Judy Marx: Atlanta Interfaith Manifesto shows we will depend on each other to survive

color headshot06by Judy Marx, Executive Director of the Interfaith Community Initiatives

I am the daughter of a Holocaust survivor. My dad, who turned 90 just a few weeks ago, rarely spoke about his experiences during the war. My brothers and I knew the rough outline: he grew up in Frankfurt, Germany, stayed there until his deportation to a camp, was liberated, and a year later came to the US with his family. It wasn’t until his first granddaughter was born that we persuaded him to tell his whole story.

In his memoir, my dad revealed what he believed allowed him to survive. It wasn’t that he was “better” than anyone else or more clever or more devout. He told us that survivors were “lucky,” not good or bad. He saw that there was no difference between those who survived and those who were murdered. Some people were lucky and many more were not.

Several of the turning points in my father’s stories are moments when individuals who happened to have the opportunity to help, did so. It was my dad’s lucky encounters with people who were actively doing the right thing that allowed him to survive. People who may have thought of themselves as good, but were passive and did nothing, only helped the oppressors.

I believe that one of the lessons of the Holocaust is that we need to work harder to create our own good luck.

As I write this, a group of World Pilgrims (Christians, Muslims and Jews) are traveling together in Guatemala. A program of Interfaith Community Initiatives, World Pilgrims journeys offer opportunities for people of faith, clergy and lay leaders, to really get to know each other. A World Pilgrims experience is a sacred journey that deepens each participant’s own faith as she/he gains appreciation for the commonalities and differences in other religious traditions. Mostly, pilgrimages encourage real friendships that cross faith, race, gender, and even political divides.

The friendships that develop over the course of a Pilgrimage are lasting. We support each other when times are tough and celebrate the good things. The honest discussions can be challenging, and sometimes feelings get hurt, but we all recognize that our friendship is stronger when we can agree to disagree. Since the first pilgrimage in 2002, every time a community feels threatened, World Pilgrims have been there to do the right thing: protecting a mosque, mourning a massacre, standing against injustice.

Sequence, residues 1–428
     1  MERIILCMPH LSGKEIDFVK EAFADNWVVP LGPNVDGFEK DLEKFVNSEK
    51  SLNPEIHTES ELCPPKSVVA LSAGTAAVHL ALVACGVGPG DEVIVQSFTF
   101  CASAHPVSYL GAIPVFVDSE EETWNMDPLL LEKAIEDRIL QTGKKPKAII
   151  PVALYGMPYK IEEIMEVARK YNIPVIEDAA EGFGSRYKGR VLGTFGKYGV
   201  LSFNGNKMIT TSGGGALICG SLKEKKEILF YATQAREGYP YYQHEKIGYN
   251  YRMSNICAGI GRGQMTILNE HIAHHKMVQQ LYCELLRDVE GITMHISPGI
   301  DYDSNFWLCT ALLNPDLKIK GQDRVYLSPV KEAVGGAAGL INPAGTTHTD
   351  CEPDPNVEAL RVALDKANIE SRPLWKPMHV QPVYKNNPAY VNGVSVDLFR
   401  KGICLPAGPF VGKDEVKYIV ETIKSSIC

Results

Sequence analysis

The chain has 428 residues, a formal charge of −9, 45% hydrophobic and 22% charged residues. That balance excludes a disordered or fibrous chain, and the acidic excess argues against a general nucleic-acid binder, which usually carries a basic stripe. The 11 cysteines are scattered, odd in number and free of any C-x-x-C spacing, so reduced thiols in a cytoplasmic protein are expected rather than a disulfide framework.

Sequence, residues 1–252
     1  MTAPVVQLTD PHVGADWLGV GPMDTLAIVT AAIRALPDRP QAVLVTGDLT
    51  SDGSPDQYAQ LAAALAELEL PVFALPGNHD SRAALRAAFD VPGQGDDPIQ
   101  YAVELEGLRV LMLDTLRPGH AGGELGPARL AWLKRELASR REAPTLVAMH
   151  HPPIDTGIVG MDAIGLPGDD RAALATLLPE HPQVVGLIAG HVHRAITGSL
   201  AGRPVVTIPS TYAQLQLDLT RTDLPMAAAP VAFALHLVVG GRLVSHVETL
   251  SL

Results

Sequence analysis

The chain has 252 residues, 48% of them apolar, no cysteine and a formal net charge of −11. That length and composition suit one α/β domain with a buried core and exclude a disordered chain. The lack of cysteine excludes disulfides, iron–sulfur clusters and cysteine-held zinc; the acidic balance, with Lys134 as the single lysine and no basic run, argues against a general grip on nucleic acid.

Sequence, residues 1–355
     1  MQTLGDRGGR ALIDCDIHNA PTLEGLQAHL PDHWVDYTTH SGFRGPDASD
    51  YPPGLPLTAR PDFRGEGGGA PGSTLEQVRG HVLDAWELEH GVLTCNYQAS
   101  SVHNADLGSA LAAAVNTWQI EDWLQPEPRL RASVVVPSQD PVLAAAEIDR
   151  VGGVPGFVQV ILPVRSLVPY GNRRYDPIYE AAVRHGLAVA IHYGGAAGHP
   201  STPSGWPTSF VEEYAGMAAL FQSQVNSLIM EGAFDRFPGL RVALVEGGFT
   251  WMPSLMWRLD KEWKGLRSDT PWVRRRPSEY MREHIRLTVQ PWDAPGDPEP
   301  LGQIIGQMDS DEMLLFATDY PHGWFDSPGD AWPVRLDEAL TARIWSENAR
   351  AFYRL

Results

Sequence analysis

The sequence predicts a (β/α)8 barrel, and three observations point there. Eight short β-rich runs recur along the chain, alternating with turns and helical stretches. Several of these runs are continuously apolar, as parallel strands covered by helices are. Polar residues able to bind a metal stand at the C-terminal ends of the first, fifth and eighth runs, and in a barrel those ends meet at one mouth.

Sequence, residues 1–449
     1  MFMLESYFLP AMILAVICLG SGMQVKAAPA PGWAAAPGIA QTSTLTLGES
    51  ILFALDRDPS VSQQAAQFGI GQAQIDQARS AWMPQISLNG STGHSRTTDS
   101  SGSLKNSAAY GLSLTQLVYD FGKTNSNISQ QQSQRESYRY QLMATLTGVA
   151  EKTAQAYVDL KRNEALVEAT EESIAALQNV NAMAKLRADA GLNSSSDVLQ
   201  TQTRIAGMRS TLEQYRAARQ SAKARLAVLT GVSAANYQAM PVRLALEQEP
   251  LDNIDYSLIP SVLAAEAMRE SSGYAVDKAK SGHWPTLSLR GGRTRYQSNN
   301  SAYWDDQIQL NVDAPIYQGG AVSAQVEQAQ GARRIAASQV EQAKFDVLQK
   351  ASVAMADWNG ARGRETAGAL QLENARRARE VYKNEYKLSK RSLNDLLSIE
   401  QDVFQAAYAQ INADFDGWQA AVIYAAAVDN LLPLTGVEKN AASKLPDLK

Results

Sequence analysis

I am honored to have been a member of the group that helped develop Atlanta’s Interfaith Manifesto. While the words of the Manifesto itself are important, to me, the real value is the list of those who endorse it. I look at that list and I feel very good about Atlanta. While the list of well-known community leaders who signed on is impressive; I find more comfort in the many, many names I don’t recognize. The growing list of people actively stating that they believe in Interfaith Cooperation, respect and celebrate our community’s religious diversity, and will take a stand to support those principles is hopeful and inspiring.

The Atlanta Interfaith Manifesto is a sign to the world that we will not depend on luck to survive. We will depend on each other.

In March 2015, Judy Marx was named the first Executive Director of Interfaith Community Initatives, Inc. (ICI). In this position, she oversees ICI’s many programs, including World Pilgrims™, Atlanta Interfaith Leaders Forum, and Immersion Experiences, as well as represents interfaith efforts at community events and works with faith leadership across the city.

Prior to joining ICI, for three years Judy consulted with nonprofit organizations to improve their fundraising, community relations and leadership development. Judy spent 12-½ years with American Jewish Committee where she served as the Atlanta Director, and where she was the Founding Director of the award-winning Atlanta Jewish Film Festival. She has remained involved in the Atlanta Jewish Film Festival, co-chairing the Film Evaluation Committee for two years and currently co-chairing the festival’s Community Engagement Committee. Also, in 2011 and 2013, Judy produced ReelAbilities ATL, Atlanta’s only disabilities film festival, working under the auspices of Georgia Community Support & Solutions.